- Search terms are not case sensitive.
For example, search terms like MediValv, medivalv, Medivalv and MEDIVALV will all find the same set of records.
- Normally, Devices@FDA uses a process called stemming to find your search term. In stemming, all words that are based on your search term are also included.
For example, if you Search with hear, you will get all records that have one or more words that stem from hear, like hears or hearing. You will not get records that have heart in them because hear is not a stem of heart.
- Or, you may use an * to indicate that you would like Devices@FDA to search all words containing your original search term and not use stemming. This is a good strategy to use if you are not exactly sure what a device is called. You may use * at the beginning, end, or beginning and end of your search term.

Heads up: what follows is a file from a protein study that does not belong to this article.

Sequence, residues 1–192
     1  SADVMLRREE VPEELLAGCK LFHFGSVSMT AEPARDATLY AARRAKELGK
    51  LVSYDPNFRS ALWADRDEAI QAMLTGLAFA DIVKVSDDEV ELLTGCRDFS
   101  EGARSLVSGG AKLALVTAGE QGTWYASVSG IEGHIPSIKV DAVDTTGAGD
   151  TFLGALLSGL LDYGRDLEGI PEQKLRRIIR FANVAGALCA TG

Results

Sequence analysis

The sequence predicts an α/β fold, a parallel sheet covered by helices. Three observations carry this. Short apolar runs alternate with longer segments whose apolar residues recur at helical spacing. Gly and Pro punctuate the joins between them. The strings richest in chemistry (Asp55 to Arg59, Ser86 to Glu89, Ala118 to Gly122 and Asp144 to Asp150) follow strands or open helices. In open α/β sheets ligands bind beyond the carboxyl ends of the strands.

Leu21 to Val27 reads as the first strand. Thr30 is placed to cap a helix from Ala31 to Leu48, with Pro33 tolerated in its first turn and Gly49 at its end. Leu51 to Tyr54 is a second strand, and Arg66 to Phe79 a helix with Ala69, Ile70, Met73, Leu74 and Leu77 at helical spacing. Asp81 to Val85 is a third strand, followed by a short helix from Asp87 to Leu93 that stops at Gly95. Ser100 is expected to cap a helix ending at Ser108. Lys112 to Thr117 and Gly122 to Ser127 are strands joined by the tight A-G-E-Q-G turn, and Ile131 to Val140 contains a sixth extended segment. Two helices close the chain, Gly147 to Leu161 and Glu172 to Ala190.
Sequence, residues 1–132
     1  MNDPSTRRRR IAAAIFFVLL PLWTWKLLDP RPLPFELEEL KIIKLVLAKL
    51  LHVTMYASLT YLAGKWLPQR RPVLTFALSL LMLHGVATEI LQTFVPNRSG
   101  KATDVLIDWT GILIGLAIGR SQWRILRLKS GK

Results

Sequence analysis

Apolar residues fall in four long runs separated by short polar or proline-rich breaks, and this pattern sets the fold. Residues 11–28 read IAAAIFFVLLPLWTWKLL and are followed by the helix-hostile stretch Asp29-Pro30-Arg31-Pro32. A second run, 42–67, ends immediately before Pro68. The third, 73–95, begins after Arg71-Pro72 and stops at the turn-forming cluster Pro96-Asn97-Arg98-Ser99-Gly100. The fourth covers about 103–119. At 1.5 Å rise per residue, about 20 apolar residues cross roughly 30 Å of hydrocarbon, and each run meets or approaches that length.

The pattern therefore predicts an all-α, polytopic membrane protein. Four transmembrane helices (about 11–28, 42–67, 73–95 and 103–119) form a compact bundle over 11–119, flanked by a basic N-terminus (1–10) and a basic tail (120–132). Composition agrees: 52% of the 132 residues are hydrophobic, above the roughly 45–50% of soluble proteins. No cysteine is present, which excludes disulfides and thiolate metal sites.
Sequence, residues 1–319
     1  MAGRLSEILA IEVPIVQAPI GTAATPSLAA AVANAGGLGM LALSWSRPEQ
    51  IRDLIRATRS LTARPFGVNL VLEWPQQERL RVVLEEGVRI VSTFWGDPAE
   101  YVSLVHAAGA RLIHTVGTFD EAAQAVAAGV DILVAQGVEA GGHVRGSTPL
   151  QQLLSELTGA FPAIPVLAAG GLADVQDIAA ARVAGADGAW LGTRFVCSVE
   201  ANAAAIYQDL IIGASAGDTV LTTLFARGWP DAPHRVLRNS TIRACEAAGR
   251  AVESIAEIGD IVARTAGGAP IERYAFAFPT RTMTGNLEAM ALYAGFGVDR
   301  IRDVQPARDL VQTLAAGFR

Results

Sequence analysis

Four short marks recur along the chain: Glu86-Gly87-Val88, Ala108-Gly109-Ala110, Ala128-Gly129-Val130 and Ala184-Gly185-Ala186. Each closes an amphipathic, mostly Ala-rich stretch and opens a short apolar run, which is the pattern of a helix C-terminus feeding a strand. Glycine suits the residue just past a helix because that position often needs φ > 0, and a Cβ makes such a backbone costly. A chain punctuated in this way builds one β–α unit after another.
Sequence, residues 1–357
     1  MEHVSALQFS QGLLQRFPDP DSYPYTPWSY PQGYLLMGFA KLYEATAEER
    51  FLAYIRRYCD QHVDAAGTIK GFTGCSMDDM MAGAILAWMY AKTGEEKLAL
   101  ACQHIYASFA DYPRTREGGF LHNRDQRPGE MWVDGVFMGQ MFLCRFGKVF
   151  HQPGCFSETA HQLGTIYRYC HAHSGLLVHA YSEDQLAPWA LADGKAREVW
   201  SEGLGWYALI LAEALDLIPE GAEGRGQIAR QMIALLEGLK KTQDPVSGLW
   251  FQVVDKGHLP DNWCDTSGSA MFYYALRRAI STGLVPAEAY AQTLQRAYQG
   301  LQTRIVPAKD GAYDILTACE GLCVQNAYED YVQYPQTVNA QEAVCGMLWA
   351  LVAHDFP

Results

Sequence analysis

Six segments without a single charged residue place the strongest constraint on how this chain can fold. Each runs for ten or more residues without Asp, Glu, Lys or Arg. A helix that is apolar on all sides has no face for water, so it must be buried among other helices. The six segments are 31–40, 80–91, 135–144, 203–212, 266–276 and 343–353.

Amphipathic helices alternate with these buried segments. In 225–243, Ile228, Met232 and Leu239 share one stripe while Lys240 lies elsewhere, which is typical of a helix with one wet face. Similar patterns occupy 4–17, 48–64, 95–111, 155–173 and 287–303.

For example, if you search with hear*, you will get all records that have one or more words that start with hear, such as hear, heart, hearing, hears and hearth. If you search with *ear you will words that end in ear, such as clear, hear, smear, etc, but not heart, hearing, hears, and hearth. If you search with *ear* you get records that have one or more words with ear somewhere in them, such as clear, hear, smear, heart, hearing, hears, hearth, etc.
As yet another example, if you are interested in finding all angiography devices, they may be listed under angiogram, angiography, or angiographic device. If you entered angiogr* you would get all of the devices. If you entered angiogram, you would get only some of the devices.
- Trade names are often made-up words. If you are not sure of the spelling of a trade name for a specific device, you should add the * following 3-5 letters of the word rather than guessing at the spelling of the trade name.